Recent developments in fluorescence microscopy geared for single-molecule detection, optical sectioning and three-dimensional data acquisition, used in combination with object-identification algorithms, now allow sufficient temporal and spatial resolution to visualize the sequential recruitment and intracellular traffic of proteins, lipids, and pathogens in living cells including viruses and bacteria. The Kirchhausen laboratory has a longstanding interest in understanding the mechanisms underlying entry of toxins, viruses and bacteria into cells, and how these processes relate to the organization and intracellular traffic of vesiculo-tubular membrane carriers. As part of this effort, we have devoted substantial efforts to developing an imaging suite containing state-of-the-art microscopes and supporting software suited for data collection and analysis with high spatial and temporal resolution. It is also a priority to maintain an imaging suite that is 100% accessible to all users, so that after initial training, any investigator can perform their work with total flexibility and independence. In this proposal we outline plans for a NERCE Imaging Core facility that will provide access to contemporary tools and expertise for live-cell and single molecule imaging aimed towards, but not limited to, quantitative descriptions of mechanisms of invasion for bacterial and viral pathogens into mammalian cells, of viral replication, and of molecular aspects related to toxin entry into cells.

Public Health Relevance

The Imaging Core will enable New England investigators to observe molecular events involving the entry, replication and pathology of infectious agents into host cells using real-time live cell imaging. The results of these studies will identify critical steps in the infectious process that may be targets for antimicrobial therapy.

Agency
National Institute of Health (NIH)
Institute
National Institute of Allergy and Infectious Diseases (NIAID)
Type
Specialized Center--Cooperative Agreements (U54)
Project #
5U54AI057159-10
Application #
8441641
Study Section
Special Emphasis Panel (ZAI1-DDS-M)
Project Start
Project End
Budget Start
2013-03-01
Budget End
2014-02-28
Support Year
10
Fiscal Year
2013
Total Cost
$186,891
Indirect Cost
$58,024
Name
Harvard University
Department
Type
DUNS #
047006379
City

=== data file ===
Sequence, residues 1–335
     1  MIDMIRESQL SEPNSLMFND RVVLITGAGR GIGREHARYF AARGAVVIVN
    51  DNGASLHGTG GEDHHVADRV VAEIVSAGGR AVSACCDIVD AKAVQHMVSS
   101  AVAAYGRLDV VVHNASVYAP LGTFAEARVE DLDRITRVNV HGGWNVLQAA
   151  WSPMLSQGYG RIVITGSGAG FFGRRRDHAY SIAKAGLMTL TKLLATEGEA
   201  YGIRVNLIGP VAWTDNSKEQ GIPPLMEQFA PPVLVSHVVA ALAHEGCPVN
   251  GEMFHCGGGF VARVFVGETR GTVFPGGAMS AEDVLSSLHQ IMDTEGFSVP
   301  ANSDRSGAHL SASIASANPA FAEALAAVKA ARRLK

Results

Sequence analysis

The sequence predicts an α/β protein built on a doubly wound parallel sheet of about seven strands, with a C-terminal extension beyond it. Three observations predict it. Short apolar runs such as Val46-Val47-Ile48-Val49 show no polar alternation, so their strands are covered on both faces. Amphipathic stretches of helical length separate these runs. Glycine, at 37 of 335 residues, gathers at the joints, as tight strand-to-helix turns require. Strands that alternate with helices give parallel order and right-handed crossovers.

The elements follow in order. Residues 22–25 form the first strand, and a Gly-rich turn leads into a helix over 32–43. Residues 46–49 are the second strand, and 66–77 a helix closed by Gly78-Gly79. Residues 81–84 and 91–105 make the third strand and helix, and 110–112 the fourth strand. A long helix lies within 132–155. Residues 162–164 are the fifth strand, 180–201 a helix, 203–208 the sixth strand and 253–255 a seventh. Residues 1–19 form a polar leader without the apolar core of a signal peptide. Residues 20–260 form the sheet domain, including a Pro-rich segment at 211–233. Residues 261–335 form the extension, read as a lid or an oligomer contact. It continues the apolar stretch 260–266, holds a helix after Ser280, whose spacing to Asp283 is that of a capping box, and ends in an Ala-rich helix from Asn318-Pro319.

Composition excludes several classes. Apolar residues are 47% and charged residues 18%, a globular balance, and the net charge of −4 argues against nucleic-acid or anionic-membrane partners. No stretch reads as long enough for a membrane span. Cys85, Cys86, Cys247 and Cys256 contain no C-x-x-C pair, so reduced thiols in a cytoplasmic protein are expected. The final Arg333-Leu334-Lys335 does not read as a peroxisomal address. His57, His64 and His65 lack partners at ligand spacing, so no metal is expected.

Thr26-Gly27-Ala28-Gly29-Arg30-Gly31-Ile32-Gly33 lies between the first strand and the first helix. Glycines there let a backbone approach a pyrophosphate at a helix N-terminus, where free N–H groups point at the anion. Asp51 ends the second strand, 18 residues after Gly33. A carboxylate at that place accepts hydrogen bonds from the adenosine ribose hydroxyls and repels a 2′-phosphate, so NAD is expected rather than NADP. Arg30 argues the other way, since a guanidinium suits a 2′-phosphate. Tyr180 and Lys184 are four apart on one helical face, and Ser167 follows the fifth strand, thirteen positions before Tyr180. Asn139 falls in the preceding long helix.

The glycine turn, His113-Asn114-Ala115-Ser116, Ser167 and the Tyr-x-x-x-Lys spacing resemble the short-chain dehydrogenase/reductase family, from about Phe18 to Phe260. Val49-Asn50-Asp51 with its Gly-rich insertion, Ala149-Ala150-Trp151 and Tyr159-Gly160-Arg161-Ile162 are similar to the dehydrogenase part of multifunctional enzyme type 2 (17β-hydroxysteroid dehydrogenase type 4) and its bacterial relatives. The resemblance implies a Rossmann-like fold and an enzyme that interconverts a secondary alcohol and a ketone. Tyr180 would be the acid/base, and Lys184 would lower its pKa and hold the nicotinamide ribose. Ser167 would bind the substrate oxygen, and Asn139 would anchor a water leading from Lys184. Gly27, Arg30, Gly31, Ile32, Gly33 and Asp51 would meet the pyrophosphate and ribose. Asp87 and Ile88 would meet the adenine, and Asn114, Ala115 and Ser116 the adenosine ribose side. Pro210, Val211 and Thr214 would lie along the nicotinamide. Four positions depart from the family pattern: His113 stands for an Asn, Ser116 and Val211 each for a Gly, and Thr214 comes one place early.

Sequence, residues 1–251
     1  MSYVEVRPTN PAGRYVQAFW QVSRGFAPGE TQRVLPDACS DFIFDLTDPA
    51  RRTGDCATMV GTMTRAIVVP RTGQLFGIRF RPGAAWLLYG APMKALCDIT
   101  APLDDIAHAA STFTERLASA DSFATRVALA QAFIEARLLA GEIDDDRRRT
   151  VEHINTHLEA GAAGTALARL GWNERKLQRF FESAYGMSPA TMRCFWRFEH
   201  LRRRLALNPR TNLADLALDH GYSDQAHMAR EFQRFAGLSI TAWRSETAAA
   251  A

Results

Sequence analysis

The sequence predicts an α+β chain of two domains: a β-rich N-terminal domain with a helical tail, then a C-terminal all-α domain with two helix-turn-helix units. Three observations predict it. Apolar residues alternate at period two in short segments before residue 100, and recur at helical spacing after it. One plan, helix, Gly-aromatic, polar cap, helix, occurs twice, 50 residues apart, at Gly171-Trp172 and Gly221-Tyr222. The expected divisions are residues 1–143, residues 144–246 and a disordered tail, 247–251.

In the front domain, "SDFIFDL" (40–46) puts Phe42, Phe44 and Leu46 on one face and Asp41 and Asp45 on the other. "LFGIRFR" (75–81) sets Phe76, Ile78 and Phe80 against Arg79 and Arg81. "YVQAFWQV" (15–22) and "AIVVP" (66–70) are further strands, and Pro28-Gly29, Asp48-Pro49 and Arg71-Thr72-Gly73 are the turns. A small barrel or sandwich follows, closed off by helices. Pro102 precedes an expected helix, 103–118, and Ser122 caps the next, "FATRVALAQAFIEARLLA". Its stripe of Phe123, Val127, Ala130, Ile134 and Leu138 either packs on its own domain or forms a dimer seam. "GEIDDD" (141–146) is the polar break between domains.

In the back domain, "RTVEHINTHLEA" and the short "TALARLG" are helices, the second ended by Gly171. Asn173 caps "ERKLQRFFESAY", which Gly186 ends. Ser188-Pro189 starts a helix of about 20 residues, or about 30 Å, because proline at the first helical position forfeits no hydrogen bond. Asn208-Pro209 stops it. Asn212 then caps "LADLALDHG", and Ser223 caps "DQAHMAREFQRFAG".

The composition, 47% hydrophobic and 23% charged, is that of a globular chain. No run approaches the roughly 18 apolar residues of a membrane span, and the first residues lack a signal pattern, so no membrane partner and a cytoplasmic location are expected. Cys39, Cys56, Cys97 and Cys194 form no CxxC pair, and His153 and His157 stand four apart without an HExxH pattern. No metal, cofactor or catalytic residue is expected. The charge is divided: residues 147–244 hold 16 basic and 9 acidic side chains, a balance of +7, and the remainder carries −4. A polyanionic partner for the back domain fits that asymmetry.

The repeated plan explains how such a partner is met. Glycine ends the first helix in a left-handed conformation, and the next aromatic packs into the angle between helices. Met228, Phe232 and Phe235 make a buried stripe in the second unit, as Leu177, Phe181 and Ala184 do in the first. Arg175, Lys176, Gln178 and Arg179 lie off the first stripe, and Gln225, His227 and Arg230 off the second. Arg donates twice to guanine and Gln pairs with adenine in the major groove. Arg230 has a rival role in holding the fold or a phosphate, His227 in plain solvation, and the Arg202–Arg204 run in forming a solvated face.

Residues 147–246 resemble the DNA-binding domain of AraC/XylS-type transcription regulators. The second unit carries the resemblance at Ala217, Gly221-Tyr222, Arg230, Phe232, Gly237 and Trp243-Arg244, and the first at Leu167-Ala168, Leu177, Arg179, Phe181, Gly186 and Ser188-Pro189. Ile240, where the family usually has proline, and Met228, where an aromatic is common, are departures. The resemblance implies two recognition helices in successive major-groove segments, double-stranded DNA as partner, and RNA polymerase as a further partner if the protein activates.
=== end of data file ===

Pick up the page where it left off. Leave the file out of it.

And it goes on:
Boston
State
MA
Country
United States
Zip Code
02115
de Wispelaere, Melissanne; Lian, Wenlong; Potisopon, Supanee et al. (2018) Inhibition of Flaviviruses by Targeting a Conserved Pocket on the Viral Envelope Protein. Cell Chem Biol 25:1006-1016.e8
Huang, Nai-Jia; Pishesha, Novalia; Mukherjee, Jean et al. (2017) Genetically engineered red cells expressing single domain camelid antibodies confer long-term protection against botulinum neurotoxin. Nat Commun 8:423
Mertins, Philipp; Przybylski, Dariusz; Yosef, Nir et al. (2017) An Integrative Framework Reveals Signaling-to-Transcription Events in Toll-like Receptor Signaling. Cell Rep 19:2853-2866
Nair, Dhanalakshmi R; Chen, Ji; Monteiro, João M et al. (2017) A quinolinol-based small molecule with anti-MRSA activity that targets bacterial membrane and promotes fermentative metabolism. J Antibiot (Tokyo) 70:1009-1019
Choo, Min-Kyung; Sano, Yasuyo; Kim, Changhoon et al. (2017) TLR sensing of bacterial spore-associated RNA triggers host immune responses with detrimental effects. J Exp Med 214:1297-1311
de Wispelaere, Mélissanne; Carocci, Margot; Liang, Yanke et al. (2017) Discovery of host-targeted covalent inhibitors of dengue virus. Antiviral Res 139:171-179
Umetsu, Dale T (2017) Mechanisms by which obesity impacts upon asthma. Thorax 72:174-177
Zheng, Huiqing; Colvin, Christopher J; Johnson, Benjamin K et al. (2017) Inhibitors of Mycobacterium tuberculosis DosRST signaling and persistence. Nat Chem Biol 13:218-225
Coulson, Garry B; Johnson, Benjamin K; Zheng, Huiqing et al. (2017) Targeting Mycobacterium tuberculosis Sensitivity to Thiol Stress at Acidic pH Kills the Bacterium and Potentiates Antibiotics. Cell Chem Biol 24:993-1004.e4
Chiaraviglio, Lucius; Kang, Yoon-Suk; Kirby, James E (2016) High Throughput, Real-time, Dual-readout Testing of Intracellular Antimicrobial Activity and Eukaryotic Cell Cytotoxicity. J Vis Exp :

Showing the most recent 10 out of 417 publications